Coast Guard helicopter patient transfers suspended at Dublin hospital

Local Minister says Beaumont site should still be used for emergency cases

The Coast Guard stopped using a field adjacent to Beaumont Hospital for patient transfers after local residents complained about noise and safety concerns, it has emerged.

The field at Beaumont Woods, located on the western fringe of the hospital campus, had been used for this purpose for around three years, but transfers involving Coast Guard helicopters ceased in November and are now being directed to Dublin Airport some 15 minutes' drive away.

This followed a sustained campaign of pressure from the Beaumont Woods Residents’ Association who were unhappy over alleged safety issues and disruption caused by the landings.

The Coast Guard then suspended use of the site in response, a spokesman for the organisation confirmed.

"The Coast Guard helicopter service suspended use of the football pitch at Mercy College, Beaumont as a designated landing site adjacent to Beaumont Hospital on 25 Nov 2017. The Coast Guard has been in correspondence with the local residents association on the matter," he said.

The Coast Guard continues to use other landing sites in the Phoenix Park, Kilmainham Hospital and Dublin Airport for transfers to medical facilities in the capital, the spokesman said.

Ireland’s leading neurosurgical hospital, many urgent cases are transferred to Beaumont from around the country each year.

It is understood the field, which is used as a playing pitch by the nearby Mercy College secondary school, may still be deployed as a landing zone for Air Corps medevac operations.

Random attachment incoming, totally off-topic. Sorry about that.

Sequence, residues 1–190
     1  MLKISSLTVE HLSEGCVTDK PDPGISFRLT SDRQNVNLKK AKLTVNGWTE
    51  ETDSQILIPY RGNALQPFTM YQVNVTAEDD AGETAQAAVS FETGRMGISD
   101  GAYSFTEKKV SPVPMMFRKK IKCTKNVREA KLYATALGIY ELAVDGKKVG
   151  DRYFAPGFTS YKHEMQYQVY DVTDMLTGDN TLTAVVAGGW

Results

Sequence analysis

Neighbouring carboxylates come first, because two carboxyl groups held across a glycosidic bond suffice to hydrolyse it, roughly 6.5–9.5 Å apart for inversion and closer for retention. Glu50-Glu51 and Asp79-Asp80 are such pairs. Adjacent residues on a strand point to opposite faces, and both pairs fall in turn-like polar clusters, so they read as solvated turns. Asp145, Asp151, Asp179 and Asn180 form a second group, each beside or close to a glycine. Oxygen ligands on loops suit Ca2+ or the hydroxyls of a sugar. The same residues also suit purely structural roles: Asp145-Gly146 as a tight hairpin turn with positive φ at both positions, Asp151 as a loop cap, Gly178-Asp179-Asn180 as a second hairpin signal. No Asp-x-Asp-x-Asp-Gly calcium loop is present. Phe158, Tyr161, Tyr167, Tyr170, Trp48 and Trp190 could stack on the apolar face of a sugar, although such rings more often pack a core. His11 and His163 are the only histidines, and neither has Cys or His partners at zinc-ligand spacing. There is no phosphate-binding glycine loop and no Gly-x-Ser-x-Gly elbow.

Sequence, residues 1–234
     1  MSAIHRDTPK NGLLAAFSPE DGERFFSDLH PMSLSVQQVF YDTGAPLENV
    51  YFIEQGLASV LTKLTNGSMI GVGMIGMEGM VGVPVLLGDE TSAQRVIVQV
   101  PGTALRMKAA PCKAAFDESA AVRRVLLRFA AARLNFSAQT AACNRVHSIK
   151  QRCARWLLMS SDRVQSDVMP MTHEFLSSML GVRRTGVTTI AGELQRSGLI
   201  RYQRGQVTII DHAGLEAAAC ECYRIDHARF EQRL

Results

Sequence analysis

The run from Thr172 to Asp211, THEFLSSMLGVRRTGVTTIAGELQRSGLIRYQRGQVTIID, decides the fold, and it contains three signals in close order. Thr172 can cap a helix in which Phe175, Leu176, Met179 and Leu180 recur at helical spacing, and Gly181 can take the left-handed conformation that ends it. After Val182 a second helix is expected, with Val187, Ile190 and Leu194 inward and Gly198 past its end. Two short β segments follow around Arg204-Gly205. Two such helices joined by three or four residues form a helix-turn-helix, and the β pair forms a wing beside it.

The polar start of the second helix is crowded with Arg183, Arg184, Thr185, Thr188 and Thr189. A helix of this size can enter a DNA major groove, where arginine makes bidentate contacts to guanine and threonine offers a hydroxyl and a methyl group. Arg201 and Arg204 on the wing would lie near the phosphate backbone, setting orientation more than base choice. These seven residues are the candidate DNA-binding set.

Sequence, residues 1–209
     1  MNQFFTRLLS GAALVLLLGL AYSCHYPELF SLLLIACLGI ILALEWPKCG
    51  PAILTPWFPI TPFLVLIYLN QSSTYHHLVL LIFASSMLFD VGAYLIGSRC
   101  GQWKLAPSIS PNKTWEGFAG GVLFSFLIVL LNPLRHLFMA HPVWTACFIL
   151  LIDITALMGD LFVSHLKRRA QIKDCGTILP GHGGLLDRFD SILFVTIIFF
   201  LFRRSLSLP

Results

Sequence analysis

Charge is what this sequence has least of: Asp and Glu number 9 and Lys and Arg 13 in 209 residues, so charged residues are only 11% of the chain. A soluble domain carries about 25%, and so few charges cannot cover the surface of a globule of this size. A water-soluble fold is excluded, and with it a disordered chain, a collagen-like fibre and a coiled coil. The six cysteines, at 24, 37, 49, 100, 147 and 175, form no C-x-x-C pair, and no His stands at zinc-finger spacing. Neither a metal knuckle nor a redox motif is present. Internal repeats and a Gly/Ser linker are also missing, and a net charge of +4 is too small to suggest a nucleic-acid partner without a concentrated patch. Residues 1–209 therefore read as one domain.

Beaumont Woods Residents' Association representative Brendan Caccarelli said helicopters began using the site a number of years ago without first entering into dialogue with people in the locality.

“They’re landing in our back yard, alarms are going off, children are running around. It’s dangerous. We appreciate the people doing the job, they are heroes, but this is not the place where they should land,” he said.

Des Maguire from the Beaumont Residents Association, which covers a larger swathe of the Dublin 9 suburb, said the landings did not emerge as a serious issue within the forum as they were well marshalled by emergency services, including the Fire Brigade and gardaí.

“People were complaining about it now and again, but nothing major. This has come out of the blue as far as I’m concerned,” he said.

“Sometimes noise affects people, but we have to think of the greater good and what it’s doing. Nobody’s going to stand up and say ‘I don’t want that person to go to hospital quickly’. Every second counts when you’re in a very serious situation.”

Mr Caccerelli said his organisation's latest AGM was attended by around 30 people, and it recently received a message of support from local TD and Minister of State for Disability Issues Finian McGrath regarding the helicopter campaign on its Facebook page, which has 73 'likes'.

A spokesman for Mr McGrath told The Irish Times he raised the issue with Minister for Health Simon Harris following representations from constituents.

He said Mr McGrath does not consider a blanket prohibition on Coast Guard helicopter transfers to the area to be necessary, and that Dublin Airport was at no point put forward by the Minister as a suitable alternative landing location.

The HSE said the issue is a matter for Beaumont Hospital itself. A spokeswoman for Beaumont Hospital said the issue is a matter for the HSE.